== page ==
I just realized that I did not have the box checked next to “Give me recommended updates the same way I receive important updates.” Rerunning Windows Update with that box checked I noticed that KB2952664 appears under both the “Important” tab and the “Optional” tab of Windows Update. The brief description under the “Important” tab indicates the update was published on July 12, 2016 whereas under the “Optional” tab the stated publication is today. Clicking the “More information” button on either description takes the user to the same KB article dated July 12, 2016 revision 24.0.

      This seems odd.

    • #32993

      I just did this on Friday. I did a complete backup. I created an Easy transfer file. I re-loaded Windows 7 on my computer from an image I created at the beginning of the year (3 DVD +Rs). That image includes Windows and all its updates to that date plus MS office 2010 and all its updates and a few other stable programs (ones that rarely change).

      Then I did a full update of Windows and Office. Defrag, chkdsk, clean up.

      Then a system image that took up 3 +R DVDs. This is my image that will enable me to go back to Windows 7 pre the October update tragedy to come.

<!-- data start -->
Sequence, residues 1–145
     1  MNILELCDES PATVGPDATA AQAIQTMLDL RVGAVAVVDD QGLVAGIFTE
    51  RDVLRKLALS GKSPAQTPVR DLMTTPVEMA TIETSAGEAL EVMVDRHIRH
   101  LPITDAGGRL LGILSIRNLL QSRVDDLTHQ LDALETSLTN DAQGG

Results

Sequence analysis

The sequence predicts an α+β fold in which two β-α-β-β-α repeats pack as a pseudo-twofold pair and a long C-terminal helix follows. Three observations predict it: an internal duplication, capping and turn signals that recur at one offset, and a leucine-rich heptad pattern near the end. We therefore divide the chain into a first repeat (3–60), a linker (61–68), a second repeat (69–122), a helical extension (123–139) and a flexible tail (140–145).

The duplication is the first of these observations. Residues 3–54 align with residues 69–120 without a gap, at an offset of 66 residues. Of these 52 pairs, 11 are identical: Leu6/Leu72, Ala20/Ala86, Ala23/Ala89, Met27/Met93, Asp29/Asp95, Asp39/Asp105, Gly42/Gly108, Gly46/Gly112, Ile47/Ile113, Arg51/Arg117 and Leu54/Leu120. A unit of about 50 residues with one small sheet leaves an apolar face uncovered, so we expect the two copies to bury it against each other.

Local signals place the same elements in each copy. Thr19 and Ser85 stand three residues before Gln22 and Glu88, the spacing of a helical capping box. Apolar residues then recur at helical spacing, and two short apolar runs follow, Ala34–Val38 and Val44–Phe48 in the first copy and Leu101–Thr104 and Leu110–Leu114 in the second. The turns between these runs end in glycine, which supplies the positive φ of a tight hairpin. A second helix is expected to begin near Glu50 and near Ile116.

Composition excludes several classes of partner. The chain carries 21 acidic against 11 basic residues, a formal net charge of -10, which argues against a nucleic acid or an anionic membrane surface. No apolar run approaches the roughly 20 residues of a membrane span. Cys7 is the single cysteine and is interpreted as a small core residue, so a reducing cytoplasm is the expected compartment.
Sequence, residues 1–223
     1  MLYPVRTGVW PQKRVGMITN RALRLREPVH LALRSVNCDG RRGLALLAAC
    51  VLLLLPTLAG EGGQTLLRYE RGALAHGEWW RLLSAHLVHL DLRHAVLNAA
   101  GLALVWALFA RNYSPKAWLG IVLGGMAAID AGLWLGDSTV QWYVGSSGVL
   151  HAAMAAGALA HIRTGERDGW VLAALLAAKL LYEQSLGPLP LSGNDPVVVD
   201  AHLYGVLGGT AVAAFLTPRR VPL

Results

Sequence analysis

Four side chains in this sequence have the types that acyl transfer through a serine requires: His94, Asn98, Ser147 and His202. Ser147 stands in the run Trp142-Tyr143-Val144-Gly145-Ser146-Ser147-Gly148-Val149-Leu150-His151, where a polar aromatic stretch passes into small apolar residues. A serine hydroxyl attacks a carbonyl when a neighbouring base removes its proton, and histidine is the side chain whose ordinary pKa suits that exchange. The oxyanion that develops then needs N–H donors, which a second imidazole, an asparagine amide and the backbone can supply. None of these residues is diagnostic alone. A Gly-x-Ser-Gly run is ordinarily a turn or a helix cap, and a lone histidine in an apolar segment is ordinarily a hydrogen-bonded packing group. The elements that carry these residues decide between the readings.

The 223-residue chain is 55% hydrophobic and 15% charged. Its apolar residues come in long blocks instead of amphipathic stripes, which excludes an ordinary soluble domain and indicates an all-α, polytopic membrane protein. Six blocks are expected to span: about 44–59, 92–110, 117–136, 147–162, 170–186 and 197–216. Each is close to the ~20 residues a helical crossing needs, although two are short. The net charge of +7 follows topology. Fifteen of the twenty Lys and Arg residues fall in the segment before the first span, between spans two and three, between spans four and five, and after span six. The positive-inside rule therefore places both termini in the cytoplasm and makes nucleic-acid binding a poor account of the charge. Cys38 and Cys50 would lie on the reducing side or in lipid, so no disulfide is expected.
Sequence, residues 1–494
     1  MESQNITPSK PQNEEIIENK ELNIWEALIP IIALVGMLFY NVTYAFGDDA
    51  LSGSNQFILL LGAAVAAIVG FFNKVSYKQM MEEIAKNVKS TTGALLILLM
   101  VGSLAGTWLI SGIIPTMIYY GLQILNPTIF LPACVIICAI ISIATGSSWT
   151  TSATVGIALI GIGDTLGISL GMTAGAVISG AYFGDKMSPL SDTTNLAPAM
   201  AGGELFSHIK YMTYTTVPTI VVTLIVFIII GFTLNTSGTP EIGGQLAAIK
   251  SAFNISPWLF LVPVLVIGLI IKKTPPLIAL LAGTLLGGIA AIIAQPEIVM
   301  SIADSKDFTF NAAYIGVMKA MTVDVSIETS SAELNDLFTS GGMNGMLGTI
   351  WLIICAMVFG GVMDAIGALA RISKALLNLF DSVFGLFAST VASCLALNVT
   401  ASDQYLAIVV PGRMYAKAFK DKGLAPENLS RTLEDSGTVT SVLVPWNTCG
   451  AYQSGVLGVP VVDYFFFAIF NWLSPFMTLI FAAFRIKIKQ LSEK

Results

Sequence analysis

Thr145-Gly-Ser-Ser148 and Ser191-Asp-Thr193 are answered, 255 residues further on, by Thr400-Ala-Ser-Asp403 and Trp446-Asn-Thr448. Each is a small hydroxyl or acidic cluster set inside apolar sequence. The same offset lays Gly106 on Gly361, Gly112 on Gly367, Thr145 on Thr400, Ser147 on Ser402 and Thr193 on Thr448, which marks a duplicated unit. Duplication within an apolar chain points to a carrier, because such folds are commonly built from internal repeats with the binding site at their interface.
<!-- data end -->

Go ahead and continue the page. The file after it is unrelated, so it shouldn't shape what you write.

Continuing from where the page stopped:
Then of course, used the easy transfer to put everything back the way it was.

      Then I took out my backup computer and repeated the procedure but used the image from the main.

      I am all set with some nice insurance.

      Strongly recommended.

      Total time one long afternoon.

    • #32994

      Thanks a lot Woody!

      Just performed the updates, as you stated only the ones flagged as “inportant”… It all went fast and neat…

      Weird thing is thar after the updates were installed, I ran a manual check for updates and it found KB2952664, which you mentioned to be a snooping patch… Why did it come up only now?

    • #32995

      No idea, but don’t install it! 🙂

    • #32996

      Well… The sad part is that I already have it installed… Along with KB3150513…

      I just checked and they were both installed a long time ago, before I came across this lifesaving blog of yours… And I had no idea…

      Guess I’m being snooped… And the worst part is that Windows Update is so broken that I’m afraid of removing them both and screwing my system…